It’s just as well, perhaps, that a 993 turbo wasn’t invited to the party that day. In the cold light of day in which cars such as the 911 turbo tend to shine, it would have walked away with the contest. As it does today, quite frankly, if all you seek in a car is pure speed and composure – the ability to get from one location to another faster than just about anything else on earth.
In truth, though, even the Ferrari – which, shock-horror, turns out to be the slowest of the trio in reality – is way more than fast enough to be going on with. Especially on our increasingly congested public roads, on which there are speed cameras and countless other hazards, preventing you from using even half the performance that cars such as these are capable of producing.
To play the heretic, the raw speed of the Porsche is impressive, yes, but it’s also indicative of a problem that too many of today’s contemporary sports cars now suffer from – they are too quick, too clinical and too capable to be enjoyed on the public highway because their limits have simply become too high.
But the Lotus and Ferrari aren’t like that. They give tactile delights back to their drivers at much, much lower speeds. And both of them will take your breath away, even when standing still. That’s a crucial distinction to consider when it comes to the risk and reward of owning and enjoying an ageing supercar.
In this instance, the Esprit V8 looks like, and indeed is, the complete and utter bargain of the group. Experts reckon that prices of well-kept V8s will only go in one direction from now on, however, so perhaps now’s the time to take the plunge. Assuming that you have the imagination and the courage to go with it.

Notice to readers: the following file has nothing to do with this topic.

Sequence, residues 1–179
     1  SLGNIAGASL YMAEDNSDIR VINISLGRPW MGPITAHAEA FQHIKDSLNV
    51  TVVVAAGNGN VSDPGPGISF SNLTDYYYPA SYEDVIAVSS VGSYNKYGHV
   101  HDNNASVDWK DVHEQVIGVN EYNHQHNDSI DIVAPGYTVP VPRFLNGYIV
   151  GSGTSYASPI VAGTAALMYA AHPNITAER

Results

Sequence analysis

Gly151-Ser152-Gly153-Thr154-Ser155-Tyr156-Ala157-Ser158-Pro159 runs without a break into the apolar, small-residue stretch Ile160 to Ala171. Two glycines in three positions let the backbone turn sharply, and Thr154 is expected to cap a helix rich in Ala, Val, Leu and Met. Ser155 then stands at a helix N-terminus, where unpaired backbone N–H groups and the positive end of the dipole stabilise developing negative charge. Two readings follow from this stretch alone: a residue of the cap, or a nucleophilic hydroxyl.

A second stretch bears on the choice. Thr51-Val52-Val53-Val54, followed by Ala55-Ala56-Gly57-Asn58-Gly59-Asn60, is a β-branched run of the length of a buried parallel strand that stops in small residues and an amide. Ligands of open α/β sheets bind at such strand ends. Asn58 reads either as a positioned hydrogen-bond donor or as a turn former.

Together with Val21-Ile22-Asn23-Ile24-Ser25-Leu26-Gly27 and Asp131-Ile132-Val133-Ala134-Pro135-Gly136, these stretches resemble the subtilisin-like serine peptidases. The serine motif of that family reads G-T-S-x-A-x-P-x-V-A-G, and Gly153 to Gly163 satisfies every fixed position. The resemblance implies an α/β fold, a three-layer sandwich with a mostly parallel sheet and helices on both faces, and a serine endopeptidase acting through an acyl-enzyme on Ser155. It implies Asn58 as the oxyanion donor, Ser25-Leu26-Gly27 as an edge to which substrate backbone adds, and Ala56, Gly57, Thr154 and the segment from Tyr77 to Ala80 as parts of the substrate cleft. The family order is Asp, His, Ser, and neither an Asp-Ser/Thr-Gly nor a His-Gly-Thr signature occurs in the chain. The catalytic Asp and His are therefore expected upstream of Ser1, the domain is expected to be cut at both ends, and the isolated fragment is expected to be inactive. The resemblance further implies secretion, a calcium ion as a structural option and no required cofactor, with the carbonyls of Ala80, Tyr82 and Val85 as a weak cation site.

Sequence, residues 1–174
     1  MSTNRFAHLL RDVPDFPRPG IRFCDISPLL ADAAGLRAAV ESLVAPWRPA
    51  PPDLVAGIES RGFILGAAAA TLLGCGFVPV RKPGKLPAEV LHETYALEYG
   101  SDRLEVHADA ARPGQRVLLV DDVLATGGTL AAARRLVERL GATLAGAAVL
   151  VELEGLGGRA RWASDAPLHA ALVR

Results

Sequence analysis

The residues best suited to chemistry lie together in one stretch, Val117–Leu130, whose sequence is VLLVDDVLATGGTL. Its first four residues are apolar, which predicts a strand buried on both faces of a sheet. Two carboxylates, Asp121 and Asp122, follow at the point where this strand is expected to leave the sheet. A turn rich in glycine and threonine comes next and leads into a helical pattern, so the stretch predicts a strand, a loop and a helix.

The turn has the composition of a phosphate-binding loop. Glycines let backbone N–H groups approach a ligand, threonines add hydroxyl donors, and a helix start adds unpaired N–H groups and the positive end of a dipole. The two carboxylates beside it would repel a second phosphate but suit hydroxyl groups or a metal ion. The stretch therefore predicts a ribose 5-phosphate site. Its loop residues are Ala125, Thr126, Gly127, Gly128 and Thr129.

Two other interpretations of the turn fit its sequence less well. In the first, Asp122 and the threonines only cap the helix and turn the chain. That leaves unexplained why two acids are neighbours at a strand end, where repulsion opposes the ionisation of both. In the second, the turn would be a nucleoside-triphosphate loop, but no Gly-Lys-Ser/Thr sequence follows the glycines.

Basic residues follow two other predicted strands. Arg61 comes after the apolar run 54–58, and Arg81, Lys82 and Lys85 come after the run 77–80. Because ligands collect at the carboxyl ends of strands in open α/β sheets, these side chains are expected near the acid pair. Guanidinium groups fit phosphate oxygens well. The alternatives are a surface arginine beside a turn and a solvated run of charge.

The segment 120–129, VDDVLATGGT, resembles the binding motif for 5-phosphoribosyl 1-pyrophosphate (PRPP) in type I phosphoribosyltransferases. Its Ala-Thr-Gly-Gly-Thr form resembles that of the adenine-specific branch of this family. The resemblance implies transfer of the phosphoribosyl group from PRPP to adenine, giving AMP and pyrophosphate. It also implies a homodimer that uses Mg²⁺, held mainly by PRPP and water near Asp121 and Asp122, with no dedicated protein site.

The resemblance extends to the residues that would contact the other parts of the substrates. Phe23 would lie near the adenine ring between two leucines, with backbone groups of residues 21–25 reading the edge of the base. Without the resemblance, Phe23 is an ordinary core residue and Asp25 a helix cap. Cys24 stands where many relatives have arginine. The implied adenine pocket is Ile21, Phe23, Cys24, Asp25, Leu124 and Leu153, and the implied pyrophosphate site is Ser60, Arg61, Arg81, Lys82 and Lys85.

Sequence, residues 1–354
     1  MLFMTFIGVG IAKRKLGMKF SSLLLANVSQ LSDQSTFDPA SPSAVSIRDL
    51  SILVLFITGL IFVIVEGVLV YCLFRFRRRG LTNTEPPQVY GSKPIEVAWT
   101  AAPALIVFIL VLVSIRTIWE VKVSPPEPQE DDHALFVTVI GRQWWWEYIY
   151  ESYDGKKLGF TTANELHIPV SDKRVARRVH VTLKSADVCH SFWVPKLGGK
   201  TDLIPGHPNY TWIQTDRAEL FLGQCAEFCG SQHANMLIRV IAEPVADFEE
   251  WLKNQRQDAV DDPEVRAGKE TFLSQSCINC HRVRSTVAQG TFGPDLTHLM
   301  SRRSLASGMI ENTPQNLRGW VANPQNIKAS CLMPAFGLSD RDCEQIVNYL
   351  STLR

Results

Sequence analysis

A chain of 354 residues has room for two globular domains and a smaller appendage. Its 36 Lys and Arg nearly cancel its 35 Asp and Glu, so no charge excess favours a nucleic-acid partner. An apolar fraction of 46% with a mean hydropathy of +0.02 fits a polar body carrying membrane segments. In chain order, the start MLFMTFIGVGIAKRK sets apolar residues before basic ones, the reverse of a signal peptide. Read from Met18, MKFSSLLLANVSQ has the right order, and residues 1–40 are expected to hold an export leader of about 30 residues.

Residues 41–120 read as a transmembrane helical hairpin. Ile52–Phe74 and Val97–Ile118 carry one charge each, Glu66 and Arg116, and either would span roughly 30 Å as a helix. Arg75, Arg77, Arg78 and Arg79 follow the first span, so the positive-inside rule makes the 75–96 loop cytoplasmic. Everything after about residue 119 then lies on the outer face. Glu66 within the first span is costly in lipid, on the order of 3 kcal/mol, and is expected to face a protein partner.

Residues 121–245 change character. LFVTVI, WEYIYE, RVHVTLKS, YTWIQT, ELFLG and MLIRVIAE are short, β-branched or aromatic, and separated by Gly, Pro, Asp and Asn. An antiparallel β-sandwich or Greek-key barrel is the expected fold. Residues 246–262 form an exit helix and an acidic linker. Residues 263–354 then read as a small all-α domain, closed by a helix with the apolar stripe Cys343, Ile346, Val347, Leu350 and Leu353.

As the chap in the Dr Pepper adverts once said, what’s the worst that can happen?
Thanks to Mortimers Prestige for the Lotus (www.mortimersprestige.co.uk); Jomes Poul for the Ferrari (www.jamespaul.co.uk); Paul Jennings and PistonHeads.com
PORSCHE 911 993 TURBO 993
Sold/number built 1995-1998/6314
Construction steel monocoque
Engine all-alloy, sohc-per-bank, 12-valve 3600cc flat-six, with twin intercooled turbochargers and Bosch Motronic sequential fuel injection
Max power 402bhp @ 5750rpm
Max torque 398lb ft @ 4500rpm
Transmission six-speed manual transaxle, driving all four wheels
Suspension independent, at front by MacPherson struts rear lateral links, lower wishbones, coil springs, telescopic dampers; anti-roll bar f/r
Steering speed-sensitive power-assisted rack and pinion
Brakes 12 ¾ in (322mm) ventilated discs, with servo and anti-lock
Wheels & tyres: front 8Jx18in, 225/40 ZR18s rear 10Jx18in, 285/30 ZR18s
Length 13ft 11 in (4245mm)
Width 5ft 10 ¾ in (1795mm)
Height 4ft 2 ½ in (1285mm)
Wheelbase 7ft 5 ½ in (2271mm)
Weight 3322lb (1507kg)
0-60mph 3.7 secs
0-100mph 9.2 secs
Top speed 180mph
Price new £93,950 (1995)
Clockwise, from above: vast calipers peek from behind turbo alloys; rev counter centre stage in retro dash; flat-six hidden by intercoolers; flagship 993 is a muscular shape .
Startling shade of Riviera Blue is a rare colour for the 993 turbo, but it was offered as a factory option when new.
LOTUS ESPRIT V8
Sold/number built 1996-2004/1489
Construction galvanised steel backbone chassis, glassfibre/Kevlar composite body
Engine all-alloy, dohc-per-bank, 32-valve 3506cc V8, twin Garrett T25 turbochargers and EFI Technology sequential fuel injection
Max power 349bhp @ 6500rpm